Scott Greenfield points out that if the police ask to search your car and you consent, the courts have ruled that you are consenting to let the police take your car apart. Here’s the language he quotes from United States v. Garcia:
The search here was reasonable. When the officers requested permission to search the truck after asking Garcia whether he was carrying “anything illegal,” it was natural to conclude that they might look for hidden compartments or containers.
Yes, I know that if a cop asked me “You don’t mind if I look in your car, do you?” I would immediately assume he intended to take it apart. Wouldn’t you?
Garcia only involves disassembling a speaker compartment, but where exactly does the court draw the line? Scott explains:
The problem, of course, is that the scope of the consent is whatever the cops say it is, and is based on a parsing of the language that far exceeds anything a reasonable person understands it to be. When a cop asks a motorist if he can take a look in his car, does the motorist understand that to mean that he’s going to pull off the fenders in search of a secret compartment?
…Some cars, like the Nissan Maxima, were favorites, because they were fast and offered some great hiding places.
The solution became clear. Not only were cops targeting Maximas, but after obtaining consent, physically dismantling the cars by pulling off body parts on the side of the road. It was bad enough when they happened to stop a mule carrying drugs, but when they destroyed cars of innocent people in their search for the [hidden compartment], people were outraged. Unfortunately, there was little to be done to stop it. The courts ignored the issue of the search exceeding consent, the outrageous destruction of property in the never ending war on drugs.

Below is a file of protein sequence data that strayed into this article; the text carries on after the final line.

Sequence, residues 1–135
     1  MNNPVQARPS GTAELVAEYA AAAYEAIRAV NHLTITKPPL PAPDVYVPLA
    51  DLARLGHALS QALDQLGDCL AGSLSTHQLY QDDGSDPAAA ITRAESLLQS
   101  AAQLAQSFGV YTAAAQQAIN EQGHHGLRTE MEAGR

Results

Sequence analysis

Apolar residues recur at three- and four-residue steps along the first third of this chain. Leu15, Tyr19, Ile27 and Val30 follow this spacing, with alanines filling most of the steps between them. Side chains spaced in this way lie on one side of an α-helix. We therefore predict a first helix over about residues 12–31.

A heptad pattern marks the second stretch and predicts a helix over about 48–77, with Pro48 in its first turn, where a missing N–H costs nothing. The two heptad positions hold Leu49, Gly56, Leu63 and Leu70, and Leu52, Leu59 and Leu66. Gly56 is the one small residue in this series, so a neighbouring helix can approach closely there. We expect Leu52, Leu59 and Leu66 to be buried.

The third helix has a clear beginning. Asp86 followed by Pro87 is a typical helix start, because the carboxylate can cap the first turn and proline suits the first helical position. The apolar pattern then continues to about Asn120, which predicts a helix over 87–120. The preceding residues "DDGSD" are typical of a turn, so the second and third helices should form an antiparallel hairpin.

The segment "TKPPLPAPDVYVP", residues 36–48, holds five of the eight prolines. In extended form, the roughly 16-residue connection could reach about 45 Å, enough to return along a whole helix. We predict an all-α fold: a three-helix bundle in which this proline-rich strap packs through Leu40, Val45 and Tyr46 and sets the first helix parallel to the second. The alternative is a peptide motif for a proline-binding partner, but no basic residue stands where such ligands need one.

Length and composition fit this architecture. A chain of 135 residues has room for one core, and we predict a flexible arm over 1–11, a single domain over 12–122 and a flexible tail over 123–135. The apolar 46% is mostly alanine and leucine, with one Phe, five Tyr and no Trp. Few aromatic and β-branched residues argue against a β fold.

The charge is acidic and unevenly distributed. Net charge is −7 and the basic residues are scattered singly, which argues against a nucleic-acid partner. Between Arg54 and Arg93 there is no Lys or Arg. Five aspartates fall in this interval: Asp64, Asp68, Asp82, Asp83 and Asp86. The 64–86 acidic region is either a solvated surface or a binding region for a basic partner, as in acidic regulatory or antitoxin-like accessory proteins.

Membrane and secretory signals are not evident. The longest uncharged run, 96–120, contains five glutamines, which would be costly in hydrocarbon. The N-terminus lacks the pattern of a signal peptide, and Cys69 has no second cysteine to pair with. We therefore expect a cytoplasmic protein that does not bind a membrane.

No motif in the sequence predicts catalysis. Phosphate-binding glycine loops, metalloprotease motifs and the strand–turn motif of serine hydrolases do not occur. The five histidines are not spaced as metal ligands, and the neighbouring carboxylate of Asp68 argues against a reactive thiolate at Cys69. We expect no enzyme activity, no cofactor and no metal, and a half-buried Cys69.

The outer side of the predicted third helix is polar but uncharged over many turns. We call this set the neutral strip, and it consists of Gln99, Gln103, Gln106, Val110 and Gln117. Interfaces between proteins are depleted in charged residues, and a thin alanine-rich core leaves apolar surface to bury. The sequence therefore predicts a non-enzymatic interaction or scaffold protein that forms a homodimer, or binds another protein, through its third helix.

Wouldn’t that suck? What do you do? Call a flatbed tow truck to pick up all the pieces and haul them to the dealer to be reassembled? Toss the parts in the back seat and drive to the body shop?
It was bad enough when they happened to stop a mule carrying drugs, but when they destroyed cars of innocent people in their search for the clavo, people were outraged. Unfortunately, there was little to be done to stop it. The courts ignored the issue of the search exceeding consent, the outrageous destruction of property in the never ending war on drugs.
Naturally, it’s the war on drugs. I’ve heard similar stories of customs agents cutting apart valuable import goods to make sure there aren’t drugs inside (except the customs agents don’t need your consent).
Personally, this ruling could come in handy. No police officer has ever asked to search my car, but if one ever does, I hang around enough crimlaw blogs to know that I should refuse the search on general principles. But I’m not very good at confrontations. I like to get along with people, and saying no to a cop would make me nervous. And you know his next question is going to be along the lines of “Why not? Have you got something to hide?”, which would really make me nervous.
Now, I’ve got an answer to “Why not?”: Because I just heard about a court case that says consenting to a search allows the cop to take my car apart, and I can’t afford the repair bill. It might work. Of course, if he manages to discover some probably cause, he’s going to tear my car apart for sure. So maybe that’s not a good idea.
Anyway, it seems to me that property damage during a search ought to be compensated, especially if nothing illegal is found. I’m sure the law-and-order types would argue that conducting searches of innocent people is an unavoidable cost of fighting crime. That’s probably true. But shouldn’t that cost be born by the public who benefit from all that crime fighting, and not the poor random folks whose property is damaged? Heck, since private property is being damaged for a public purpose, doesn’t this sound like a constitutional taking — requiring just compensation?
I know that sounds a bit crazy, but is it any crazier that the courts believing that people were actually consenting to have the police take their cars apart on the side of the road?